Trench Warfare World War I was a military conflict that lasted from 1914 to 1918. It was a modern war with airplanes, machine guns, and tanks. However, the commanders often fought World War I as if it were a 19th Century war. They would march their troops across open land into the face of machine guns and often slaughter. As a result of this action, a tactic known as trench warfare was implemented. The most recent use of use of trench warfare, before World War I, took place during the Russo-Japanese War (1904-1905). This war attracted worldwide attention among military authorities that were interested in studying the latest technology used in war. Many viewed trench warfare to be an effectiv ...
    Related: trench warfare, warfare, russo-japanese war, different types, involving
  • Warfare - 922 words
    Warfare From the beginning of time we have all seen things grow and evolve to bigger and better things. Take the t.v. for example. This magnificent invention has evolved from being black and white, to high definition color, surround sound, and can fit in your pants pocket no problem. Other creations in life have evolved as well, especially in the art of warfare. Today with the push of a single button entire countries are able to be destroyed. The accuracy and efficiency of the guns in this era are mind boggling. Deadly weapons are now the size of a hand and can be carried nearly everywhere without being noticed. This is just a glimpse at todays warfare technology. Back in the day, when men w ...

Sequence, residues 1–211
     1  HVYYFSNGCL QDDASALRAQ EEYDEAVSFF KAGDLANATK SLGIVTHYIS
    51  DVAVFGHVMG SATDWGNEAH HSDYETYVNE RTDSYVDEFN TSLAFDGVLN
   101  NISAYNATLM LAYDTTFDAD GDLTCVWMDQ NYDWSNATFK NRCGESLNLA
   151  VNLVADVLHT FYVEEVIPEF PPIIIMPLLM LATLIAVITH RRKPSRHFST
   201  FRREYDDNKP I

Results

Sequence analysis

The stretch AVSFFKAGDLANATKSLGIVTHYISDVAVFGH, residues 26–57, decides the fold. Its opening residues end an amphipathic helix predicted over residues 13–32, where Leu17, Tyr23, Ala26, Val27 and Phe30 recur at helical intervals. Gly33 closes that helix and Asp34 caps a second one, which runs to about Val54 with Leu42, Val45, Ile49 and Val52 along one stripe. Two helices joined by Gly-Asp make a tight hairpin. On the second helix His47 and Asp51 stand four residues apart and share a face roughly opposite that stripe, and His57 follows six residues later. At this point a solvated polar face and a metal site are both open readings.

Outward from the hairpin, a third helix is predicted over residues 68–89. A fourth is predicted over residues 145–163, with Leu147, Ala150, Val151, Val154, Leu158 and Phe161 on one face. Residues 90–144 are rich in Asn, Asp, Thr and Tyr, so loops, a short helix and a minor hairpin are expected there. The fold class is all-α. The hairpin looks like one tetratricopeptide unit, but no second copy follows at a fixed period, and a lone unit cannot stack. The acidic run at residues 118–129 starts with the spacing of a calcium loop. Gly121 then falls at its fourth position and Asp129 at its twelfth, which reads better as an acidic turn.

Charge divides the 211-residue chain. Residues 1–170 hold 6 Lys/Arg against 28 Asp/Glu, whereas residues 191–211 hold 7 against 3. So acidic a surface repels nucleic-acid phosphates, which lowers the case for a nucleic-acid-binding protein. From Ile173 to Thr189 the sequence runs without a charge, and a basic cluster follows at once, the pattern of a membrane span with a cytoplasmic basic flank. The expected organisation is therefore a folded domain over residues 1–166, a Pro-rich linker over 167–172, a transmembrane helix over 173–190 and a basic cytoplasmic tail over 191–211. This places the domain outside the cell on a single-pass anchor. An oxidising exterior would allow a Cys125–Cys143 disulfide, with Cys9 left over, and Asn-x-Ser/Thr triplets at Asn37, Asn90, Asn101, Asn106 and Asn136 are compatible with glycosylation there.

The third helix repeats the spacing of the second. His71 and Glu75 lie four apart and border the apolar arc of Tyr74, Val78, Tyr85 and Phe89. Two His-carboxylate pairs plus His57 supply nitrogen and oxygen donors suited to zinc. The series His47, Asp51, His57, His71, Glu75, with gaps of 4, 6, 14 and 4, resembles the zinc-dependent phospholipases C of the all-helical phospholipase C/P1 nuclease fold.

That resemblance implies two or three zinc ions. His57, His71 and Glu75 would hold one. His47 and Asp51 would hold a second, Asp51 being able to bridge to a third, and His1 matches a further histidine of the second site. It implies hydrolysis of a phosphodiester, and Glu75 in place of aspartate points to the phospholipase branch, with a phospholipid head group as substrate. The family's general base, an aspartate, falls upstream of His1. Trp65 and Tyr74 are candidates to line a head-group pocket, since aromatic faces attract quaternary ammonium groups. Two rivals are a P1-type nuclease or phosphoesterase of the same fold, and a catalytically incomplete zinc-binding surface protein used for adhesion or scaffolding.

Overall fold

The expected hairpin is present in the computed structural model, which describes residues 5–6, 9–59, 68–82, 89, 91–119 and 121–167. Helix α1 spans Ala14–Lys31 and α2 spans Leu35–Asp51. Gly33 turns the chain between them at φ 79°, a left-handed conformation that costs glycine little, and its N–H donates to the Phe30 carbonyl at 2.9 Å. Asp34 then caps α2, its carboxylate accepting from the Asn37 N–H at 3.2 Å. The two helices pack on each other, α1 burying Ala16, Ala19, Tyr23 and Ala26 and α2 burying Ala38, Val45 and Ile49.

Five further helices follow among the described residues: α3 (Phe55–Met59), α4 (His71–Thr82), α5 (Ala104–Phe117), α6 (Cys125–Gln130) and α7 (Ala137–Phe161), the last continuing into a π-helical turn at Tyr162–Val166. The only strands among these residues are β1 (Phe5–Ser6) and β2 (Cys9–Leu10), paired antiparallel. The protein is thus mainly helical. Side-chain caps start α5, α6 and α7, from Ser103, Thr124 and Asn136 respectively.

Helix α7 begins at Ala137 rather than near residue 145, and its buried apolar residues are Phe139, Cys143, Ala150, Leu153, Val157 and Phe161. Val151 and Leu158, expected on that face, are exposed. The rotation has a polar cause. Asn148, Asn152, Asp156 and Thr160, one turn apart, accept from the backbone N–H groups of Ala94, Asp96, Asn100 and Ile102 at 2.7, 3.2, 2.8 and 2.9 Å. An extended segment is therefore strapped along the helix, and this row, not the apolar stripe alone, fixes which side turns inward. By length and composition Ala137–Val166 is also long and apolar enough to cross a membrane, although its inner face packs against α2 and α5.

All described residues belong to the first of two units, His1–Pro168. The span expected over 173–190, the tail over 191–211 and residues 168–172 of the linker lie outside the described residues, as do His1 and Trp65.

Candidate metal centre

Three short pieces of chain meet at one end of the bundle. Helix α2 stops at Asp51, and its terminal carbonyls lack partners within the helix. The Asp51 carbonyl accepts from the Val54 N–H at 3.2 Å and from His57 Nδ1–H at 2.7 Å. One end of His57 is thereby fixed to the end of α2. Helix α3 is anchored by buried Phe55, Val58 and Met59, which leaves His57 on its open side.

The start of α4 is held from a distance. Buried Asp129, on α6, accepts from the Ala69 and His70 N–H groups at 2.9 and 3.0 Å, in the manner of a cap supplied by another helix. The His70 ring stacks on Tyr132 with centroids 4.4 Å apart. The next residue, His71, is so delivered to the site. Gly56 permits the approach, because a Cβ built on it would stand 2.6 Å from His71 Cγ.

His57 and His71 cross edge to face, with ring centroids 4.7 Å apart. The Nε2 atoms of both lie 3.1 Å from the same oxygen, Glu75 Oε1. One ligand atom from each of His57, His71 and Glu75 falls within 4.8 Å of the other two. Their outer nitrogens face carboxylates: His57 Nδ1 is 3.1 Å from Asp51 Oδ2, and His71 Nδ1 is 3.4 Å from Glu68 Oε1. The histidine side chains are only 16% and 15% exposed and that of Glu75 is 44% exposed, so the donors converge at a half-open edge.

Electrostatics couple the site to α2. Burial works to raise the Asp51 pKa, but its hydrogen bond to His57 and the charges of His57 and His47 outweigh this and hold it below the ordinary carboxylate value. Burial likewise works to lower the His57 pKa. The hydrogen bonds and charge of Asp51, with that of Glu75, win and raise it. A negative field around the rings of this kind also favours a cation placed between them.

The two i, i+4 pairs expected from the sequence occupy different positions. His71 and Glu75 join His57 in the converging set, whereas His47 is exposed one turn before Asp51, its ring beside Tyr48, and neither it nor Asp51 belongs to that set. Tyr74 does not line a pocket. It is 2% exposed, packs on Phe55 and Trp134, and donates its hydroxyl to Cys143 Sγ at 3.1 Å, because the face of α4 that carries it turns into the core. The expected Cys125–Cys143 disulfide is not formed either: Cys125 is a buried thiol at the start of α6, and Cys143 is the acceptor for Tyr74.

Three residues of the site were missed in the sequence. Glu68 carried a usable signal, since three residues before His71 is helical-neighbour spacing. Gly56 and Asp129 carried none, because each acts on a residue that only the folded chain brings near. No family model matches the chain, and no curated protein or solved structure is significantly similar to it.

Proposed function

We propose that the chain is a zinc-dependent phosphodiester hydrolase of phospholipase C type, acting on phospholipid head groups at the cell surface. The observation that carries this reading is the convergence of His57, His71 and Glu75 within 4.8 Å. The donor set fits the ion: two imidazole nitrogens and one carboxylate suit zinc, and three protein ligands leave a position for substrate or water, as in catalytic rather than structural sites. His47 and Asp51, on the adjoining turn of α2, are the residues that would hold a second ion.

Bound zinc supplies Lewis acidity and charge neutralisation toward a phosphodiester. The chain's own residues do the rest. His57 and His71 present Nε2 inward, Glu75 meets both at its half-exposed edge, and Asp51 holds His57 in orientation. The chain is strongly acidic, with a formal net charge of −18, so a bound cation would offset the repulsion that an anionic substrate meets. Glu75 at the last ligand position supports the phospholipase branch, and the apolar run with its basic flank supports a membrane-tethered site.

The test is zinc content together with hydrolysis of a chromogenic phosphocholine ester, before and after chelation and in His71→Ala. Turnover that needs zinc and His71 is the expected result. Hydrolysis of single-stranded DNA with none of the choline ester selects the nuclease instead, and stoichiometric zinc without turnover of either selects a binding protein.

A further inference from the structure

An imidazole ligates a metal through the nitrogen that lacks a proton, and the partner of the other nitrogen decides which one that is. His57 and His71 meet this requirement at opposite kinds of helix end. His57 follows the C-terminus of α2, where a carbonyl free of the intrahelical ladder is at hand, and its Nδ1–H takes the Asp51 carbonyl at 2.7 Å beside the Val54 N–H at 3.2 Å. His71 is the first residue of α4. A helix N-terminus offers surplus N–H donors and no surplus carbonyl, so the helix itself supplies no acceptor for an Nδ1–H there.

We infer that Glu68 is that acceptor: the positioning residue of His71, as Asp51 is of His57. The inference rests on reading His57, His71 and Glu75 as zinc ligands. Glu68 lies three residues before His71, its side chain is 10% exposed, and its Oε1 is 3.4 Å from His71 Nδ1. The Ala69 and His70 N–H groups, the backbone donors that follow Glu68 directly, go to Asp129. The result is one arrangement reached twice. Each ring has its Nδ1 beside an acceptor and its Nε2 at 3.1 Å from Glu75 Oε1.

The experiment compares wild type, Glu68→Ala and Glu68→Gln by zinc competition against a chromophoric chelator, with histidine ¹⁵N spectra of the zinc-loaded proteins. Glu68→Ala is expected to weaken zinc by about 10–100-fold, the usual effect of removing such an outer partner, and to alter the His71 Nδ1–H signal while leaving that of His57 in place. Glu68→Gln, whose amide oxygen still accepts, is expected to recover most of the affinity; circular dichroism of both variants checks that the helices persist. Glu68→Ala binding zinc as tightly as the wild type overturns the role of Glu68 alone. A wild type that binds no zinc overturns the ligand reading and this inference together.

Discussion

Related: warfare, long distance, king henry, french army, bigger
  • 100 Years Of Solitude - 917 words
    100 Years Of Solitude 100 Years of Solitude Just as Edmund Spenser believes in the ever-whirling wheel of Change; that which all mortal things doth sway, so too does Gabriel Garca Mrquez. In One Hundred Years of Solitude, Colonel Aureliano Buenda experiences life and the changes which accompany it. Spenser views human life as a constant change from one stage to another. The change may be either good or bad; but one thing is certain, change is inevitable. Colonel Buenda is a dynamic character who transforms from an idealistic leader into an increasingly cynical and corrupt man. Toward the end of his life, he isolates himself from the rest of the world. In the beginning of Aurelianos career, h ...
    Related: one hundred years of solitude, solitude, book reports, edmund spenser, surviving
  • 16th Century English Weapons - 1,456 words
    16th Century English Weapons 16th Century English Weapons During the 16th century England and much of Europe found itself in turmoil and in a constant state of war. The outbreak of fighting led to the invention and development of new weapons and the growth and change of weapons of old. The development of weapons was a trademark of the time, with a sort of renaissance, or re-birth in the field of weaponry (Miller). The technology was highlighted by the invention of gunpowder by the Chinese which eventually found its way to England (Grolier). However, the use of gunpowder was minimal, because the use of had yet to be perfected. The technological advancement most useful during the period was pr ...